Activities stress disability awareness, compassionMarch 23, 2017
By ALLEN LAMAN
BRETZVILLE — Autism spectrum disorder — a neurodevelopmental disorder that can cause sensory sensitivity — can make you feel like someone is scratching a note card on the back of your neck while another person reads loudly from a book and someone else continuously pats your head. Would you be able to pay attention in class?
Every day this week, students at Cedar Crest Intermediate School have been participating in brief activities like the one described above to help them better understand their peers and family members who live with disabilities.
“I think it’s neat to kind of have them doing these activities and looking through rose-colored glasses,” said Alicia Kunkler, Cedar Crest special education teacher and the school’s Disability Awareness Week coordinator. March is Disability Awareness Month in Indiana, and Cedar Crest hosts its own Disabilities Awareness Week biannually in March.
In addition to autism, the kids also discussed and engaged in lessons related to intellectual and learning disabilities as well as communication disorders, among other disabilities. One activity helped the students sympathize with people who have mental disabilities by tasking the students with taking response tests written in German and being told to “try harder” when they complained that they couldn’t do it. Another had them read sentences with letters that were printed backwards to simulate dyslexia. Students also learned the basics of sign language, which as of Wednesday, had been sixth-grader Gabrielle Englert’s favorite part of the week so far.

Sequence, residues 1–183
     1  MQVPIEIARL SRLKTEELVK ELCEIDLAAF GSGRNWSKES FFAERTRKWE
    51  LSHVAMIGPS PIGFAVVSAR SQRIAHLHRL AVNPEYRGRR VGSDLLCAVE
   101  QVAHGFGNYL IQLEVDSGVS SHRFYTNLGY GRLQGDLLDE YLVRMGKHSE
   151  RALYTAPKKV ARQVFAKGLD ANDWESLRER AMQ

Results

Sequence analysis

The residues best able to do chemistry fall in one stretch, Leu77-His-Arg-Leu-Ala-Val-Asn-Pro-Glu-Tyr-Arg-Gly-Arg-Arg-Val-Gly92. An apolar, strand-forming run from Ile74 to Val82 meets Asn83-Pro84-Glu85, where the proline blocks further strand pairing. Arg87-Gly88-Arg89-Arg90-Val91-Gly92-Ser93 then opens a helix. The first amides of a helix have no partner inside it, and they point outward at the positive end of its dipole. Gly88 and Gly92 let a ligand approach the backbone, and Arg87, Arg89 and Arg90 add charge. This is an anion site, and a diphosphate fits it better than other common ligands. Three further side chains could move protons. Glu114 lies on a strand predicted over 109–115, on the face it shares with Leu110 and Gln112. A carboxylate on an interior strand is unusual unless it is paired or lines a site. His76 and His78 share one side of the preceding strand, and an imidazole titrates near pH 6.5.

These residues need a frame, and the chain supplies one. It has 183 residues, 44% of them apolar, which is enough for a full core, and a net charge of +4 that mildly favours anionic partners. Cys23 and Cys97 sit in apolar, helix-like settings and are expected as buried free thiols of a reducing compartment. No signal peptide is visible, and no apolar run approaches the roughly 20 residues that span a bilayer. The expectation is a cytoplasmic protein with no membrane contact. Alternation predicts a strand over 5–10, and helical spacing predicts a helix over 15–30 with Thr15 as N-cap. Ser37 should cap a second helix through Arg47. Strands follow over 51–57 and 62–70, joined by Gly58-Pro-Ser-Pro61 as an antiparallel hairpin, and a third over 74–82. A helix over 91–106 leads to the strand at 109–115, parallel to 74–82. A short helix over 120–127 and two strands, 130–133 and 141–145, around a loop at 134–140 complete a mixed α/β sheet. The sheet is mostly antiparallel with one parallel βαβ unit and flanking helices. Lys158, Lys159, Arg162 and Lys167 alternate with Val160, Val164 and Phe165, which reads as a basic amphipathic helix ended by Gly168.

“My teacher (Jamie Giesler) would do different words in sign language, and it was fun to kind of figure out what she was trying to say,” Englert said, also saying that figuring out what her teacher was signing was like solving a puzzle.
Friday, the kids will discuss the “Ten Commandments of Etiquette for Communicating with People with Disabilities.” The list includes making eye contact and communicating directly to the person, listening attentively and waiting for acceptance when offering help.
“I think it’s cool that they teach us about (disabilities) and that we get to learn about it,” said sixth-grader Danielle Eckert.
Kunkler said the week’s programming takes place biannually at the school so all of its students will get to experience it once before they move onto eighth grade and leave the facility. She picked this year’s discussion points based on the disabilities that certain students attending the school have.
She estimated that about 30 of the school’s 200 students have special needs, while more students have other learning disabilities and social challenges. She said that going into this week, Cedar Crest students were very aware and understanding of different disabilities and how they affect those who have them, but the activities helped them broaden their comprehension even more.
“It just brings awareness to kids because I think sometimes at this age they forget that everybody has something they’re dealing with,” Kunkler said. “Everybody is dealing with something, and we may not all be able to see it. We just need to be compassionate to other people.”
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